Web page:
Ebihara Yuri becomes a cute cabin attendant for "JAL x Samantha Thavasa"
[caption id="attachment_124984" align="aligncenter" width="600" caption="From left: Tsuchiya Hazuki, Ebihara Yuri and Yamamoto Mizuki"][/caption]
Famous model Ebihara Yuri appeared at the commissioning event for the "JAL x Samantha Thavasa Jet" held at the Haneda Airport today.
The special commissioned jet featuring a huge picture of Ebihara is one of the results from the new collaboration between Japanese Air Lines (JAL) and popular apparel brand "Samantha Thavasa." Ebihara is the muse of Samantha Thavasa, therefore they decided to make her the face of their collaboration as well.
At the event Ebihara and two other models, Tsuchiya Hazuki and Yamamoto Mizuki, appeared wearing a cute pink cabin attendant uniforms. When Ebihara looked at the jet, she said in awe, "It's just so great seeing myself in such a huge picture. Starting tomorrow, the Samantha Jet is going to fly all over Japan!"
Reporters asked her where she would like to fly with this jet. She answered joyfully, "I'd like to fly home and take a picture with the whole family, I also would like to show it to my husband."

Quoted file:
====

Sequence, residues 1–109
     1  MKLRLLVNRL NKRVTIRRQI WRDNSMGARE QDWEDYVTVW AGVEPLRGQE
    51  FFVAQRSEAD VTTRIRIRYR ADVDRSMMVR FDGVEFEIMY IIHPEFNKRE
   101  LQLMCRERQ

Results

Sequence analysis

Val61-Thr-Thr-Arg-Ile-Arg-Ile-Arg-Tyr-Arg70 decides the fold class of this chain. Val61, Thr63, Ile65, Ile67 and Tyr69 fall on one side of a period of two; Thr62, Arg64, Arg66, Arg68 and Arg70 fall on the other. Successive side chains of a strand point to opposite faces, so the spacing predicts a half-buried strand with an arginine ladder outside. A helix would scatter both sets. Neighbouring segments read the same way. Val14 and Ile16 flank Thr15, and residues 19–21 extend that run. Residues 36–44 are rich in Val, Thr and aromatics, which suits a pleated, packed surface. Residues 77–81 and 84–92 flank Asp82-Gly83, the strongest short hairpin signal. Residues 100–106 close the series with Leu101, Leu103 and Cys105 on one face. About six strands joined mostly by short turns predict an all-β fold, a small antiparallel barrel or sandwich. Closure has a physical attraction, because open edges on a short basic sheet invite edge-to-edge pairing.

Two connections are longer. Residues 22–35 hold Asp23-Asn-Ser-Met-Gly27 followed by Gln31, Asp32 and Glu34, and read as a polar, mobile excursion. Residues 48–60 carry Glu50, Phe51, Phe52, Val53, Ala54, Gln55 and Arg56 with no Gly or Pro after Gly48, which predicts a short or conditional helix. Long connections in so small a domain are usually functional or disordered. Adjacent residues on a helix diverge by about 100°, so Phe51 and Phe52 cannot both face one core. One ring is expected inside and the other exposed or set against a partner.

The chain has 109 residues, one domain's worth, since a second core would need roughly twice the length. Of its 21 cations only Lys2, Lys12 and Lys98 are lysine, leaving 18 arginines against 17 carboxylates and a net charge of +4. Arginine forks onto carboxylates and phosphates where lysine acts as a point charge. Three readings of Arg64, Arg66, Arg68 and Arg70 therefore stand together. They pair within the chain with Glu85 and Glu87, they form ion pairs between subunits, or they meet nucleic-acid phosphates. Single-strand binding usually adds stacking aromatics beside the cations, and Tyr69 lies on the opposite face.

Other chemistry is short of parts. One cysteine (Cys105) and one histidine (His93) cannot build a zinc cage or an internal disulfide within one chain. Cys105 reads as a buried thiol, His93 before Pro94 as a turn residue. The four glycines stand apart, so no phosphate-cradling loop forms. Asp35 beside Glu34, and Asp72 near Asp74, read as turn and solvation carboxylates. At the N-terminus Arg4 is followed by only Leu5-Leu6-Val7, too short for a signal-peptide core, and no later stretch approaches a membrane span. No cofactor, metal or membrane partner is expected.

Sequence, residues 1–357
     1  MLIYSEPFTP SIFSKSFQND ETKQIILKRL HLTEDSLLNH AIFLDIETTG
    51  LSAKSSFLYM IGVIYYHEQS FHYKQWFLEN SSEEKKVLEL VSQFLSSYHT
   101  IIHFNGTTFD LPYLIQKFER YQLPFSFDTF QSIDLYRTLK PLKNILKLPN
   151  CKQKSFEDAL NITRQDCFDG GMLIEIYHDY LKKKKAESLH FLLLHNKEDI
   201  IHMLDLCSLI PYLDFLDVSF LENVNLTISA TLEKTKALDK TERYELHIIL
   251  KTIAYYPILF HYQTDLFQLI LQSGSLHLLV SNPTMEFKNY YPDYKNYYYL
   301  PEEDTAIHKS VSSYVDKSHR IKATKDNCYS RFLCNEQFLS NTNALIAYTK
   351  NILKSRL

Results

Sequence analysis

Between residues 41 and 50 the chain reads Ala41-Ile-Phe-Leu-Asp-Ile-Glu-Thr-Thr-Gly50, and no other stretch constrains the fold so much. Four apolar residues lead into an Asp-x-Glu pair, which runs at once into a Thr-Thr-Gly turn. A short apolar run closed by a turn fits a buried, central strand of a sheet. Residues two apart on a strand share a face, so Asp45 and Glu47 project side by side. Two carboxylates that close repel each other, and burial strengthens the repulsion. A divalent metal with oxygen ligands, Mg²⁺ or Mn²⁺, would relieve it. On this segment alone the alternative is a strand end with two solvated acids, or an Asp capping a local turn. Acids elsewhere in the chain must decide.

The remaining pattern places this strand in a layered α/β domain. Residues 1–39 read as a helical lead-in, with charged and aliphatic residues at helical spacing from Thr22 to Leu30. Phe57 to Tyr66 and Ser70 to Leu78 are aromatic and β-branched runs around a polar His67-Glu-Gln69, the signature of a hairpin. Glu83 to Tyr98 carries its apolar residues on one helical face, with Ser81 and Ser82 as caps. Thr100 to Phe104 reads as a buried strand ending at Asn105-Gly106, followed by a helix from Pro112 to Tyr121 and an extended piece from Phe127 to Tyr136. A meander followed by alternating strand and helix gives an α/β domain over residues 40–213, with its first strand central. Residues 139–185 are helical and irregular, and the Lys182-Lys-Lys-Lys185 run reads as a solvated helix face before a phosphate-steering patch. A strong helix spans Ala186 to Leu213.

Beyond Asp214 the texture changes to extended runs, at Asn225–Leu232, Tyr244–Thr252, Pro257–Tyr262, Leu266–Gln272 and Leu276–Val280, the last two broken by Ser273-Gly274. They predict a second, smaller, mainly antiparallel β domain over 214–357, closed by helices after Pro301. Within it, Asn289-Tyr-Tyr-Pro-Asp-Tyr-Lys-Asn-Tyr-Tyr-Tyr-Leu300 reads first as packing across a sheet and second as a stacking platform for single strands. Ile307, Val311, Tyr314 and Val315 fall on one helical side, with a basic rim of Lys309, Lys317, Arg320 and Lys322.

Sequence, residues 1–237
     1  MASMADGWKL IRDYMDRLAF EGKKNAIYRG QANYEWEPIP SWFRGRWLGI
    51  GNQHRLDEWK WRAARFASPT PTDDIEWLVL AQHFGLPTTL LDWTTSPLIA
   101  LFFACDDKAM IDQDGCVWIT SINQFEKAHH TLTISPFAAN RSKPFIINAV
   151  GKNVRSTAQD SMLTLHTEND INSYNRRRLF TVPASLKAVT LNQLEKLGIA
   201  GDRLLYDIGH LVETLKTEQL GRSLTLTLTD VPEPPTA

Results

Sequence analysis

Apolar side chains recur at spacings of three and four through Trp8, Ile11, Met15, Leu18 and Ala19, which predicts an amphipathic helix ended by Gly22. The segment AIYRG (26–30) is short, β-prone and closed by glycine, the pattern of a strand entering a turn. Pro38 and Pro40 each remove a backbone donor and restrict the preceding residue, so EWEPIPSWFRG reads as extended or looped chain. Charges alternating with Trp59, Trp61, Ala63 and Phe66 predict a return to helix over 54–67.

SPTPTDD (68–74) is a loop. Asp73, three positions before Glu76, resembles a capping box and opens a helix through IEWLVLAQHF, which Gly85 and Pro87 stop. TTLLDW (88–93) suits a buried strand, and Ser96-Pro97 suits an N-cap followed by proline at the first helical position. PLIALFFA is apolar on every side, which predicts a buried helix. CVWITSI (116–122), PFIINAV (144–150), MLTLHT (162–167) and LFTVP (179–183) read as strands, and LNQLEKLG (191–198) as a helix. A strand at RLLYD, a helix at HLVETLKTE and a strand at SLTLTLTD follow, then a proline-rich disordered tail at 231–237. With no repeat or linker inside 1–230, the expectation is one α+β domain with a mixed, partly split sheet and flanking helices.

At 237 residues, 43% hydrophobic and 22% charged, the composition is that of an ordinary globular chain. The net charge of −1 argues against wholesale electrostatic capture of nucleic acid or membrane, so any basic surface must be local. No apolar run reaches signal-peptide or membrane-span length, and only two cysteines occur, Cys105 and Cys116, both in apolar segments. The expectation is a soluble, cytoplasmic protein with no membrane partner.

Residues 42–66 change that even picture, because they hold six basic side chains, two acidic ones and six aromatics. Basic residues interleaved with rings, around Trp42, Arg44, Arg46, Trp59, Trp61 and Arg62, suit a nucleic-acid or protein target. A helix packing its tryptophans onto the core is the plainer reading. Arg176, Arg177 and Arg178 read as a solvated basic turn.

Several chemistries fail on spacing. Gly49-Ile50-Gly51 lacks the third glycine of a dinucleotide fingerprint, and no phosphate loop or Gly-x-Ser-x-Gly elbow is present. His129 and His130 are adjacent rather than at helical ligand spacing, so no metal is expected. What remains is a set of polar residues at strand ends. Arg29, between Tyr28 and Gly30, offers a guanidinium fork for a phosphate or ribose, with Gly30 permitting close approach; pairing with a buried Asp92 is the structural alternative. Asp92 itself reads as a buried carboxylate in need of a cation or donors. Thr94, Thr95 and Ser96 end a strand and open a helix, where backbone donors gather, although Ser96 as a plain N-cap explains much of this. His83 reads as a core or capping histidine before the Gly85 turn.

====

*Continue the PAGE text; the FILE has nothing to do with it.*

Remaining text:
Valentine's Day is close and since she has already brought up her husband, RIP SLYME's ILMARI, people were curious about her plans for the special day. "Of course I want to give something to my husband and everyone I'm indebted to. I'm thinking about being a bit more mature and making a whole chocolate cake instead of just chocolate," she revealed.
Further she said a few things about her newlywed-life. "Once in a while we quarrel with each other, but usually we never drag it on longer than a day. We are still head over heels in love with each other," she told the reporters with a happy expression.
About children she added, "Right now we'd like to enjoy the time we have together as two. Of course I want to become a mother someday. We're not going to think about children until next year, or perhaps the year after that."
The jet with the smile of Ebihara is going to brighten up the sky above Japan for a total of three months beginning on February 8th.
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